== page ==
Friday, November 8, 2013

Happenings at the Yeshiva

I hope all is well and you are all prepared for the first of our early Shabbatot of the year.

Here at YCT it has been a busy week.  On Monday we had a boker iyyun in honor of Rav Ovadyah Yosef zt"l's shloshim.  The day began with a lecture by Dr. Marc Shapiro on Rav Ovadyah's life, influence and derekh ha'psak.   Dr. Shapiro described how Rav Ovadyah's work truly transformed the nature of psak halakha, particularly within the Sephardi community where he cleared away centuries of diverseminhagim and established the primacy, at least in Eretz Yisrael, of the Shulkhan Arukh.  It is only once in centuries, Dr. Shapiro said, that you get to see a posek whose work truly changes the way halakha is done, and we have had the zekhut to see that with Rav Ovadyah Yosef.  
Dr. Shapiro's talk was followed by personal reflections by our mashgiach, Rabbi Dov Lerea, who also serves as the rabbi of the Sephardi minyan in Riverdale.  Students then broke into groups to study selections of Rav Ovadyah's teshuvot.  Each group studied a different teshuva, which had been prepared ahead of time by one of the students, chosen to highlight different aspects of Rav Ovadyah's approach.  The teshuvot studied deal with: a Shabbat question that illustrated his relationship with other Gedolim, the use of secular music for davening, whether to say Hallel on Yom HaAtzmaut and gap-year students keeping 1 day of Yom Tov, and the possibility an Ashkenazi or a Sephardi davening in a different nusach than their traditional one.  The learning then ended with my reflections on the differences between his derekh ha'psak and one the derives from the Lithuanian Brisker approach, and with closing remarks by  Rabbi Lopatin.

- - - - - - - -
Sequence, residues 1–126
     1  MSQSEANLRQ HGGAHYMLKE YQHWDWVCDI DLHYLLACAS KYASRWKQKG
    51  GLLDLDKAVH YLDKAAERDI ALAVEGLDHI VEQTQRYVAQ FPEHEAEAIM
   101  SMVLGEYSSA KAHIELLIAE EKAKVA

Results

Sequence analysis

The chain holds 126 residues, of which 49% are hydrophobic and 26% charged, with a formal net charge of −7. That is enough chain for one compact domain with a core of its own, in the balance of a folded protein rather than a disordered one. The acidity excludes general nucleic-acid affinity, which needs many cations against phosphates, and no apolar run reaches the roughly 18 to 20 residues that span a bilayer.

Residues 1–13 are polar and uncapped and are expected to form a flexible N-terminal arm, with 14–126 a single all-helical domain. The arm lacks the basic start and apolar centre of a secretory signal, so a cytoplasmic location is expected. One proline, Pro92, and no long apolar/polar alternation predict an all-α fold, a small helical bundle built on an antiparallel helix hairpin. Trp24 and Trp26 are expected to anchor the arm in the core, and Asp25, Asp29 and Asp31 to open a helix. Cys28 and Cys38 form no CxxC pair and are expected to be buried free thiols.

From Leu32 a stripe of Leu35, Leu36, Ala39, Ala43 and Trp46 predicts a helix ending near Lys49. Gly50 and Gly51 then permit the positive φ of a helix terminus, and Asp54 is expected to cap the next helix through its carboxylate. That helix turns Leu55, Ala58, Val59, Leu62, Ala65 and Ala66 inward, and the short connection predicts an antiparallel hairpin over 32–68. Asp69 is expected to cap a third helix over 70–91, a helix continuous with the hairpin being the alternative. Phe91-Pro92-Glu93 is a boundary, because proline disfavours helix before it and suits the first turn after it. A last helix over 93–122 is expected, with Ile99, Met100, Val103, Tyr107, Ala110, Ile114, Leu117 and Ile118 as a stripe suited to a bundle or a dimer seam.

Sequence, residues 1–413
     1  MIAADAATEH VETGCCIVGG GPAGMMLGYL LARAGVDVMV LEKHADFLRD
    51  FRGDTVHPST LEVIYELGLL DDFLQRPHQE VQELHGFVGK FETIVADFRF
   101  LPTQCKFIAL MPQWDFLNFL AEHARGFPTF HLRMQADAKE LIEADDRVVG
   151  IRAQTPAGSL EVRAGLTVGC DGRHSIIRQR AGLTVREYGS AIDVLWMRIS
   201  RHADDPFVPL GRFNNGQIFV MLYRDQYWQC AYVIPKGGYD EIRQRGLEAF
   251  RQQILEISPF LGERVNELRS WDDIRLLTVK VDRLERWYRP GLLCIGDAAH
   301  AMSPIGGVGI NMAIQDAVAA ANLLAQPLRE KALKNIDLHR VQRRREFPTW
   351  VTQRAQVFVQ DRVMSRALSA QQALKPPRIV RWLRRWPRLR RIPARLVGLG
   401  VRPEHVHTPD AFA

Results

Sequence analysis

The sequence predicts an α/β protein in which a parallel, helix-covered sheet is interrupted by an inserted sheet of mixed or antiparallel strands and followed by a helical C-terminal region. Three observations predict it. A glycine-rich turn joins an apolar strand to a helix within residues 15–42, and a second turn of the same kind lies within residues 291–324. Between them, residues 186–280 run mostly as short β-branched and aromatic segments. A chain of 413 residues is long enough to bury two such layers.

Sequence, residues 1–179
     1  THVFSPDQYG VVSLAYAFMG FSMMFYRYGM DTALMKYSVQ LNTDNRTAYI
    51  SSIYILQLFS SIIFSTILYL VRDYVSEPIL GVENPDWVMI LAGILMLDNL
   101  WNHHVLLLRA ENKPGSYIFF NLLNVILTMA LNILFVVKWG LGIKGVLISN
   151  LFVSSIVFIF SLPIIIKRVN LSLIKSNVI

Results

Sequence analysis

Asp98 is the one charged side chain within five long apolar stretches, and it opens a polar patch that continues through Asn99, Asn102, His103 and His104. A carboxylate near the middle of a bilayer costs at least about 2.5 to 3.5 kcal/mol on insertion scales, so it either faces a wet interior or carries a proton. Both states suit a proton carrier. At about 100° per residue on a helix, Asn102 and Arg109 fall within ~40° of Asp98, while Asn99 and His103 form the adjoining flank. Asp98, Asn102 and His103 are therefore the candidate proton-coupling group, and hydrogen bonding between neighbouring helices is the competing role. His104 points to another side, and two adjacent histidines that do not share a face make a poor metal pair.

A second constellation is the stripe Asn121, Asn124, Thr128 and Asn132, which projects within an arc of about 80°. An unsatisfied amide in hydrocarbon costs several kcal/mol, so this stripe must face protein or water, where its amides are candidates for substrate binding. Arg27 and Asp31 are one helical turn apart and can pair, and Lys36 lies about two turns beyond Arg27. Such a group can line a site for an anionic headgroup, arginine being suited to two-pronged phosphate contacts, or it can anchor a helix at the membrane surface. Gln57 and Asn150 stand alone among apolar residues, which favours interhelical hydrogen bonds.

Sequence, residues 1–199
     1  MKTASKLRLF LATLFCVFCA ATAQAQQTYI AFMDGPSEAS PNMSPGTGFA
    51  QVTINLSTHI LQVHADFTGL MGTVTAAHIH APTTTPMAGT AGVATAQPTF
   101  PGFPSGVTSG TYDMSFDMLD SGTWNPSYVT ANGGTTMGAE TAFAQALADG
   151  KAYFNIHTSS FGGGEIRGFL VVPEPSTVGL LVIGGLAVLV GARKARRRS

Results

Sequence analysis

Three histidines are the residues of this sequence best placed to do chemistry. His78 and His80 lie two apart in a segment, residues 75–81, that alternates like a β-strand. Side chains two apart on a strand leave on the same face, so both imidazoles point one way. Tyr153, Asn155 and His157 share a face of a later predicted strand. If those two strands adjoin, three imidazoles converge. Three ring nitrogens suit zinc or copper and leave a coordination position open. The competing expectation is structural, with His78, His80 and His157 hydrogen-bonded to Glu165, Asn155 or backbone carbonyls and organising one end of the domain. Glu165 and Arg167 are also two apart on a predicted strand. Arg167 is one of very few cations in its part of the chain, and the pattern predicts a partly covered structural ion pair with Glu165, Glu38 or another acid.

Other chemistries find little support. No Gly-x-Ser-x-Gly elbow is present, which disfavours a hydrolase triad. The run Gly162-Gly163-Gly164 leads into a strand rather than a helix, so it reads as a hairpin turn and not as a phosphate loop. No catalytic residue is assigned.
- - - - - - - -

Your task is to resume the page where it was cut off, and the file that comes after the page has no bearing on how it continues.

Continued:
The learning throughout the week was strong as usual, with students continuing their learning of Gemara and of hilkhot Niddah. 

The week ended on another high note, as we had the honor of welcoming Rabbi Shlomo Riskin to our beit midrash where he addressed students on his approach to avoda zara and his interfaith work, and underscored the importance of recognizing our strong supporters in the Christian community and of working to strengthen that relationship.  

We wish condolences to Avram Mlotek (YCT 2016), his father, and uncle and entire family, on the loss of his bubbe Chana Mlotek, who was one of the leading figures in Yiddish music, and whom Isaac Bashevis Singer called "the Sherlock Holmeses of Yiddish folk songs."  Appreciations of her life can be found in articles that appeared this last week in theNY Times, the Forward, and the Jewish Week. Avarm's classmates were present at the funeral, together with hundreds of friends and people whose lives she had touched.  May her memory be for a blessing. 

It was also a week of Mazal Tovs!  Mazal Tov to Rabbi Ben Greenberg (YCT 2009) and Sharon Weiss-Greenberg on the bris of their new son, Moshe Aharon Greenberg.  And Mazal Tov to Michal and Rabbi Akiva Herzfeld (YCT 2007) on the birth of a baby girl earlier this week. Shetizku li'gadlam li'Torah li'chuppah u'li'maasim tovim.

And finally, Mazal Tov to Rabbi Mike Schultz (YCT 2008), on his being one of the cohort which received the first-ever certification of spiritual care providers in Israel.  May he continue to bring help and healing to all those in need.

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